Calum MacDonald, BBC Music Magazine

Alexander Romanovsky is the latest ­pianist to be hailed as the true heir to the great Russian tradition… The nine Etudes-Tableaux all have a wonderful sense of poise and poetic integrity, whatever technical demands they make, while the Corelli Variations are sustained in a single sweep. This is very controlled, impressive piano playing.

Andrew Clements, The Guardian

Romanovsky can produce the thunderous sound and sharp-edged, ringing bass that sends a tingle down the spine.


the Ukrainian Alexander Romanovsky, imbuing the étude with light and energy…A compelling combination of faithfulness to the score and a sense of fantasy in Alexander Romanovsky’s reading, made for Decca when he was just 21. I like the way his repeats in the fifth etude are never carbon copies and the fact he phrases the left hand slightly differently from the right so the canon never becomes heavy or predictable. Schumann once wrote to Clara ‘I frequently discover in my compositions many things which I cannot explain. It’s most extraordinary how I write nearly everything in canon and then only detect the imitation later.’ That apparent lack of intent is quite beautifully conveyed by Romanovsky. He follows the fifth étude with the second of the posthumous variations…But one artist who has consistently dazzled and charmed me is the youngest in today’s survey Alexander Romanovsky. He has virtuosity in spades but isn’t afraid to put his stamp on the music, though never to the detriment of Schumann himself. He has power, yes, and beauty of tone, but boy can he dance too

Harriet Smith, BBC Radio 3 CD Review

Rachmaninov Piano Concerto No. 3 / Tchaikovsky Concert Hall / Yuri Simonov

February 2017

Romanovsky shows himself more mature, relaxed and self-assured than in 2014. There are good reasons for this. His phrases are more closed. He also plays the Allegro molto section in the cadenza more fluidly and contingently than before. Playing this composer so compellingly is very difficult and only a few pianists succeed…In the second movement, the young pianist presents all his strength as a lyricist. His performance is a musical masterpiece in terms of dynamics, agogics and coloration, and atmosphere. Here, in the foreground is a poetic animation with passionate emotion…Romanovsky reaped raging enthusiasm among the Moscow public. This is not to be seen every day in the Tchaikovsky Concert Hall, where the world’s best pianists perform.


Rachmaninov Piano Concerto No. 1 / Bournemouth Symphony Orchestra / Aleksander Marković

October 2016

After a declamatory opening, with echoes of Grieg, Romanovsky laid bare an astonishing technique allied to interpretative insight. He sailed effortlessly through the first movement’s formidable demands and brought to it elemental power, precision and poetic expression, notably in a melting dialogue for piano and cellos. Thundering octave scales were dashed down with total assurance, his flair never obscured by flamboyance. For the Andante, Romanovsky forged phrases of limpid beauty and judged to perfection the calibration of each note, partnered by orchestral playing of sustained eloquence. By contrast the finale has a glittering solo part and performed here with transparent ease. Now the piano’s upper register shone and iron-clad bass notes were added to Romanovsky’s tonal palette; the whole propelled by an energising Marković with tremendous gusto, soloist and players evidently enjoying themselves.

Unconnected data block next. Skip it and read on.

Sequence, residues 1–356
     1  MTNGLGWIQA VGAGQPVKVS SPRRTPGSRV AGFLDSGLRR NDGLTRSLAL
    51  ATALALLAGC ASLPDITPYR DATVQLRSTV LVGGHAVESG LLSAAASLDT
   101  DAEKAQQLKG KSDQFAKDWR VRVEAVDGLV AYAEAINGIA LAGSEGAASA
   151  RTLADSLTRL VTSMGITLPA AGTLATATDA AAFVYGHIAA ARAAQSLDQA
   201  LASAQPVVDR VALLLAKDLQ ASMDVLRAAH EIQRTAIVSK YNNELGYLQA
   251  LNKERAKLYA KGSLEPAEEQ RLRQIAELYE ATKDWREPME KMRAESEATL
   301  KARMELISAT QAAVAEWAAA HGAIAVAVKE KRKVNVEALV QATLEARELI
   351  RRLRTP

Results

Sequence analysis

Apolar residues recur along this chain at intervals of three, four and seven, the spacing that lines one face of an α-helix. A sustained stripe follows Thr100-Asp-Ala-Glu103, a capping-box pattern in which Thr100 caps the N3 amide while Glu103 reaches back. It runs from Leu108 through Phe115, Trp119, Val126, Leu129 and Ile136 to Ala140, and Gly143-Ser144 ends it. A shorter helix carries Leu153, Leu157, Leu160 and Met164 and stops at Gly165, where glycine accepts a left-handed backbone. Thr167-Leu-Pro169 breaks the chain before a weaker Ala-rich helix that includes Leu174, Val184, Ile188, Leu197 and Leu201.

David Truslove, Bachtrack

Rachmaninov Piano Concerto No. 4 / City of Birmingham Symphony Orchestra / Andrew Gourlay

January 2016

It was also a kiss (on the hand!) that stood at the end the performance of the second piece this afternoon – a superbly played Fourth Piano Concerto by Rachmaninov at the hands of Alexander Romanovsky...played flowingly, coherently, effortlessly in the highly virtuoso passages, yet retaining a pithy sound. Romanovsky revelled in the jazzy opening of the middle movement as the orchestra revelled in its dreamy three-note-motif as if there was nothing musically more important to say. It was a thing of beauty, as was the third movement, played at breakneck speed, yet utterly focussed and with great accuracy.

Hedy Mühleck, Bachtrack

Romanovsky concentrated on the music’s remarkable cogency, bringing a strong rhythmic impulse and a mercurial pianism redolent of Rachmaninov himself. His Chopin Nocturne encore was a perfect choice, rich-toned and warmly pedalled.

Christopher Morley, Birmingham Post